Moolahta Thaing had never fished on a lake, let alone an ice-covered one. But there he was Monday morning perched on a bucket watching his line as it drifted in a hole that had been cut in the ice.
Thaing, 17, was one of 10 high school students who took advantage of a school holiday and braved the cold to go ice fishing with St. Paul police at Big Marine Lake in Scandia. The outing was part of a program designed to build relationships between officers and teens.
“I got one!” Thaing yelled as he pulled on his rod and hooked a small sunfish.
As Thaing pulled in his catch, officers and other students ran over to congratulate him. He proudly displayed his bluegill for photos before releasing it back in the icy water.
“I never went fishing before in my life,” said Thaing, a senior at Washington Technology Magnet School in St. Paul.
Thaing, who is Karen, emigrated from Thailand almost eight years ago, he said.
He hopes to someday become a police officer, he said, to “get rid of bad guys” and make the community a “safer place for everyone.”
The ice fishing initiative, which involves several St. Paul police units, started several weeks ago.
Police have received so much positive feedback in the weeks since that organizers are considering continuing the program long after the ice thaws.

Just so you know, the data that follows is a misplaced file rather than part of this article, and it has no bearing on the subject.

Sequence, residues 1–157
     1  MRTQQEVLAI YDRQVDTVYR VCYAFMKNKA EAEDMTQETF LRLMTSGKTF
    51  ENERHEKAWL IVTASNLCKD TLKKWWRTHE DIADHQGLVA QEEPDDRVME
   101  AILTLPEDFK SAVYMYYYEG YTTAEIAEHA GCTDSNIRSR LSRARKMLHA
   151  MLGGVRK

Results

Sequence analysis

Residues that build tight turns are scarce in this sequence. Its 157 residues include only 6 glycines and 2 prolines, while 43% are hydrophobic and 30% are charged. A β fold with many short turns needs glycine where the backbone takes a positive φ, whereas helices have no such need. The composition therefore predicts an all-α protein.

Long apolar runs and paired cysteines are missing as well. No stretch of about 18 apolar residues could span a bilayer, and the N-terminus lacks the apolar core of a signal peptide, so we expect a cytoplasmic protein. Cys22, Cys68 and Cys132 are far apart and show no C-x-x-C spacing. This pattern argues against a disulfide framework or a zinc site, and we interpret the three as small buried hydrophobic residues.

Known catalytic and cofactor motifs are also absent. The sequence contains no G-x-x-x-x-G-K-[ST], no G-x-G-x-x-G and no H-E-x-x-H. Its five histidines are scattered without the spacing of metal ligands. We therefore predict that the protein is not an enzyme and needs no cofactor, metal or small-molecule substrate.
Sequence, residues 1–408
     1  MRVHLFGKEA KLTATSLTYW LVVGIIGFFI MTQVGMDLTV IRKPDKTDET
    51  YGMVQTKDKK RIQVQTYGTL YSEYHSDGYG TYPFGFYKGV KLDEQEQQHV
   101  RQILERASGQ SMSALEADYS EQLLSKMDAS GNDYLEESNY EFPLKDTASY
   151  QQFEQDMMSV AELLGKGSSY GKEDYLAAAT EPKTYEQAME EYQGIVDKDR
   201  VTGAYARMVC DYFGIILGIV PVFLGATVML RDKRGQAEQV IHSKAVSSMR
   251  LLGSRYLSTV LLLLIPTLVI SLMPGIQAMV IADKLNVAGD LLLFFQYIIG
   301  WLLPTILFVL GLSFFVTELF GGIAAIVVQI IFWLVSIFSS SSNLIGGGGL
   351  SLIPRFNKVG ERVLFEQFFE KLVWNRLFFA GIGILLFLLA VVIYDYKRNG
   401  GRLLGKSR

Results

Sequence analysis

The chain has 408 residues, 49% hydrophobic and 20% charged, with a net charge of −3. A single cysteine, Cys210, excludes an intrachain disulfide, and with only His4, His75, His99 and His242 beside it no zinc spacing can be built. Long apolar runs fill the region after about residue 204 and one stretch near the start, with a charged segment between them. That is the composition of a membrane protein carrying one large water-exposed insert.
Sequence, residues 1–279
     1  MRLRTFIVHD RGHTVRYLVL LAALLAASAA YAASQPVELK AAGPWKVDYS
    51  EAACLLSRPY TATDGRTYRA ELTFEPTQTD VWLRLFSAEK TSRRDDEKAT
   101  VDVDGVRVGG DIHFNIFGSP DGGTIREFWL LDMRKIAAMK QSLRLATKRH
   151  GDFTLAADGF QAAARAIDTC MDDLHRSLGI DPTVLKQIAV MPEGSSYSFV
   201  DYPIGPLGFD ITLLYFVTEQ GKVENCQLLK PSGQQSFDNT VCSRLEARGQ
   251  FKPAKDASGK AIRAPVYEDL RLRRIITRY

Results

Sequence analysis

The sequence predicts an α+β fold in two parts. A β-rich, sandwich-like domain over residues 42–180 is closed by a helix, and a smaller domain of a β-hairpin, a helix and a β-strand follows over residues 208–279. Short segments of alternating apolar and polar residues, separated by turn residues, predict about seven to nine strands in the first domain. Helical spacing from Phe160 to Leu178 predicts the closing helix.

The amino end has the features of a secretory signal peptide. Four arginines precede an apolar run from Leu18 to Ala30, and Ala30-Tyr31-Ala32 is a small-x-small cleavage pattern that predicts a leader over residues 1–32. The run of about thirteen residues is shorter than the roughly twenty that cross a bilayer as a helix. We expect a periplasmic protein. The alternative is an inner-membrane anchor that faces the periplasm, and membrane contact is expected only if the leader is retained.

“This is an activity that for a lot of urban kids, they don’t get a chance to do,” said Sgt. Mike McGinn, of the juvenile unit.
For some students, simply walking on the frozen lake Monday was a first, McGinn said. They fished, played soccer and raced to see who could drill a hole in the ice the fastest with a hand auger.
They even divided into teams to see who could catch the most fish.
Jack Conrad, a retired St. Paul firefighter whose son is a St. Paul police officer, helped supply the icehouses and fishing rods. Conrad, 64, said he also hopes to get ice fishing apparel to lend to the students, some of whom didn’t dress for the weather and had to borrow jackets from officers to stay warm.
“I love ice fishing and I want somebody else to love what I love,” Conrad said.
All of the students who fished Monday are Karen immigrants and attend the same high school. They were selected by a school resource officer to participate in the program.
For most, the outing was a chance to see police officers in a different light.
“From where they come from, police is a military aspect,” said Jim Yang, an officer with the gang unit.
“They’re scary when they are in their uniforms,” said Htoo Moo, 16, talking about police, “but like this, they’re cool.”
As Moo huddled with other students inside a fish house, he tried to coax fish to bite his line. But the best he could do was watch them on an underwater camera.
“It’s neat when we can catch the fish …” McGinn started to say.
But, Yang added, “It’s actually for the experience.”